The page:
Myths abound and most of them tend to be coming from too negative a perspective and ignore the key benefits and functions of packaging. Let's take a look at some of the top packaging myths:
Myth 1: Packaging is an unnecessary indulgence:
Economic growth without packaging is impossible. Packaging protects practically all products from physical (crushing, bruising, shock, and vibration), chemical (rust, moisture gain or loss) and biological (bugs, microbes, mice, birds, senescence) damage.
Myth 2: Packaging fills the garbage bin and is increasing:
Wrong. EPA in 2014 estimated that a combined packaging (of containers, papers and plastics) made only 30% of waste, 31.2% by weight and 27.7% by volume.
Myth 3: Packaging causes unrecoverable waste:
No, EPA estimated that 34.5% of waste generated in the US alone was recovered for recycling. It has diverted 87 million tons from landfills.
Myth 4: "Say no to plastic bags":
No, they're serving many purposes. They have the same worth as oil, but people litter them. The real truth here is recycling products after use is the best policy.
Myth 5: Incineration (combustion) harms the environment:
Myth 6: Packaging wastes energy:
No, in 2014 alone, 84 waste-to-energy facilities are operational in the US only. They are producing 2,769 megawatt-hours of electricity (EPA). Notable is that it takes 91% less energy to recycle a pound of plastic than a paper.
Myth 7: Recycling Plastic bags is costly
No, the price isn't so high. Recycling saves resources and lessens the wastes going to landfills. The real price is not recycling.
Myth 8: Polystyrene isn't recyclable:
Expanded polystyrene is 100% technically recyclable and recycled at the plant level.
Myth 9: Laminates aren't environment-friendly:
Myth 10: Packaging should be returnable for reuse:
No, they are. Almost all manufacturers and regulators now encourage returnable packaging (EPA).
Myth 11: Packaging causes litter:
The message it contains is simple: Littering should stop. People cause litter and the solution is to enforce littering laws.
Myth 12: Products are over-packaged:
This is arguably true. Source reduction helps prevent products when least-expensive packaging has been demonstrated.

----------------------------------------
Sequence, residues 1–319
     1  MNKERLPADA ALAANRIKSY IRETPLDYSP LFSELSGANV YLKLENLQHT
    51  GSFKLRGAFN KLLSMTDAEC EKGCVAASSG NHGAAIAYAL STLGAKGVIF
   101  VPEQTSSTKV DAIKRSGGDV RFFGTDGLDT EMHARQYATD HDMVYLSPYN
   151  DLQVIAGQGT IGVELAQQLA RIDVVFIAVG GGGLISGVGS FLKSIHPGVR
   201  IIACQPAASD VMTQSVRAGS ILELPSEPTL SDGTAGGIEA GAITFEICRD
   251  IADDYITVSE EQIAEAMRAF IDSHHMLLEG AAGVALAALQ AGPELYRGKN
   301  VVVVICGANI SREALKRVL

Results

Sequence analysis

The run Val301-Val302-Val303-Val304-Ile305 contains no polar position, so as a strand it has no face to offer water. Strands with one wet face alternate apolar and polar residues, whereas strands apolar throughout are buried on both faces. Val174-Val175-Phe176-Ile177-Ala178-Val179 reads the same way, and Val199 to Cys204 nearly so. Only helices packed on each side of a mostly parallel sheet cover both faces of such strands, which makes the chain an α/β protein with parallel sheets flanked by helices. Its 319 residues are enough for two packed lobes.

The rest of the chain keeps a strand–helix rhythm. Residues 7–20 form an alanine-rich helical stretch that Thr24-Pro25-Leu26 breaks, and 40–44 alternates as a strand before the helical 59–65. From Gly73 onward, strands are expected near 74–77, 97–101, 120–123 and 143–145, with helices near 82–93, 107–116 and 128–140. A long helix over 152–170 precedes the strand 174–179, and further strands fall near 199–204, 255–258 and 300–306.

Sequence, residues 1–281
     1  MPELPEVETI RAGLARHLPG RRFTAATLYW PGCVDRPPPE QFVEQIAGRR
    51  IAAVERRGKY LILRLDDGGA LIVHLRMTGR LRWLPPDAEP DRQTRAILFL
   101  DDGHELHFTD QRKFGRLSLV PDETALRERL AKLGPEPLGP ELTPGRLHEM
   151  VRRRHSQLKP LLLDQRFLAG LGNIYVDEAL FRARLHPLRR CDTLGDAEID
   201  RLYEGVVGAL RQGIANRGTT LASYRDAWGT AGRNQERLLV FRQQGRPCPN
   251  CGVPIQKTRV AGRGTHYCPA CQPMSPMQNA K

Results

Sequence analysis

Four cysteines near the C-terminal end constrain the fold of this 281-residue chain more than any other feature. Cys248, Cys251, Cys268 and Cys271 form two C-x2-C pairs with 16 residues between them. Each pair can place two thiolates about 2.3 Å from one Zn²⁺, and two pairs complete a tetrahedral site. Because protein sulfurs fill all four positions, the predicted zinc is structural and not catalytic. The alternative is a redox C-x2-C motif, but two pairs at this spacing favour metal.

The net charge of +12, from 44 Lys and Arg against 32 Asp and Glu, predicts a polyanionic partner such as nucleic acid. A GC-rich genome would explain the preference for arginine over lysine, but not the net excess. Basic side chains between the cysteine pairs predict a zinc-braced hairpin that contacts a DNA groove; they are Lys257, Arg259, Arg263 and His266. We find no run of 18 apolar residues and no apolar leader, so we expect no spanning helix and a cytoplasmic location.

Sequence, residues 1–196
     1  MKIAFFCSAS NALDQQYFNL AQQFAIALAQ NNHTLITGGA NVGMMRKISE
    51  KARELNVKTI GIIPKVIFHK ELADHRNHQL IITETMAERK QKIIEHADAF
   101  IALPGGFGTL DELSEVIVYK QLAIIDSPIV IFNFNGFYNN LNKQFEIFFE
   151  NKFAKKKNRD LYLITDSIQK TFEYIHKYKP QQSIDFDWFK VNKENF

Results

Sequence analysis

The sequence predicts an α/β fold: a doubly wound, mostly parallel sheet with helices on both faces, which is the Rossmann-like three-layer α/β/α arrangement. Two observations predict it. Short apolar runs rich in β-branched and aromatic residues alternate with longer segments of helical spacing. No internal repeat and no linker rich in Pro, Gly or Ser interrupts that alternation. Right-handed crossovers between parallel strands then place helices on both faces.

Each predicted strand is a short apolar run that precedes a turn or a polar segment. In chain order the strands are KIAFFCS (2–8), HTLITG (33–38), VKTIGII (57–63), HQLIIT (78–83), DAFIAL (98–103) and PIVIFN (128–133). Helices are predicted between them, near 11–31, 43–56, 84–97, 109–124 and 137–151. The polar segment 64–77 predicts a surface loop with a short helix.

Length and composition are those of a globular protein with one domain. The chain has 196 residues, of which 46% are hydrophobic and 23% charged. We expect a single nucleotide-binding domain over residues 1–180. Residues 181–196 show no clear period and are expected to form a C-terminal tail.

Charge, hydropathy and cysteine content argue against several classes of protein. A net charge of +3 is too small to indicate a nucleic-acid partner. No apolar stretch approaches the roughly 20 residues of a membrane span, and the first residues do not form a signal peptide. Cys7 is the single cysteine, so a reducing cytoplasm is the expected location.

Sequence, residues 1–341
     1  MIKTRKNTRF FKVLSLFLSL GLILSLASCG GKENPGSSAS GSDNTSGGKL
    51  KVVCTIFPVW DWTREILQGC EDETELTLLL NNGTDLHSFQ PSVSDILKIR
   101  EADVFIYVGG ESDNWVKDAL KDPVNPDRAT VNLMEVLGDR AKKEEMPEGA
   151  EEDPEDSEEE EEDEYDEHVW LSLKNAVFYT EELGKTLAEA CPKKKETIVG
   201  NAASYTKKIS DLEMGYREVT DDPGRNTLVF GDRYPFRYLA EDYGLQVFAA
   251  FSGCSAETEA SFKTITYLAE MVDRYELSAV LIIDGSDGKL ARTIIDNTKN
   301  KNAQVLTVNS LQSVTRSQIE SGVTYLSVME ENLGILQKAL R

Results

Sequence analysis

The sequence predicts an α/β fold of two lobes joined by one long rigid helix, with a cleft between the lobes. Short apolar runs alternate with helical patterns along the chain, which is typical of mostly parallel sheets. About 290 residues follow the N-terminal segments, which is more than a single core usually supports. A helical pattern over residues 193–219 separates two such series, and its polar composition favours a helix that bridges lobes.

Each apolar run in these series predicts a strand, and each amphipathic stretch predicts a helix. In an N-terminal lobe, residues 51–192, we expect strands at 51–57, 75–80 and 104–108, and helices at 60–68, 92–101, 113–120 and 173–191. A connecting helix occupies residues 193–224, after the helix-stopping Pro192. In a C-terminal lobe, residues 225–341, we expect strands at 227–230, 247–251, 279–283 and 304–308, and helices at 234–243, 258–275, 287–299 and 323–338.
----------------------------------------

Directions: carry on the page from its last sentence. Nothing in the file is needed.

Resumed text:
Myth 13: Manufacturers force more packaging:
They do not - and why would they? Manufacturers almost always seek the inexpensive ways to meet your requirements, complicated by legal constraints and corporate pressures.
Myth 14: Packaging is deceptive:
This is half true. While the majority of production firms are honest, many use deceptive packaging. Deceptive yet clever packaging costs them heavily - which is why using a reputable packaging source is beneficial to your organization.
Myth 15: Shrink-wrap on a cucumber is a waste
Now studies have proved that a shrink-wrapped cucumber lasts threefold compared to an unwrapped one. It loses 1.5% of weight during evaporation (in 14 days), in comparison with the 3.5% for an exposed cucumber.
Myth 16: Packaging should be biodegradable.
Stretch films (including hand-films, machine films, and special films) and shrink wrap are biodegradable. They're now used to make extruded bags.
Myth 17: Stretch Film isn't environmental-friendly.
No, stretch film is environment-friendly and gives good protection to the products packaged with excellent clarity.
Myth 18: Packaging causes energy waste.
No, in 2014 alone, 84 waste-to-energy facilities are operational in the US only. They are producing 2,769 megawatt-hours of electricity.
Myth 19: "No packaging is best":
No packaging promotes food spoilage and widespread spread of diseases. No packaging also prevents sterile drugs and promotes damage to products and hazardous waste.
Myth 20: Stretch film is way too costly:
No, it is less expensive than blown stretch film owing to its less production cost.
Bottom line: Myths are fictitious. What gets lost in these instant indictments is the way that mass production works these days, within a minimum of human intervention and maximum of self-help.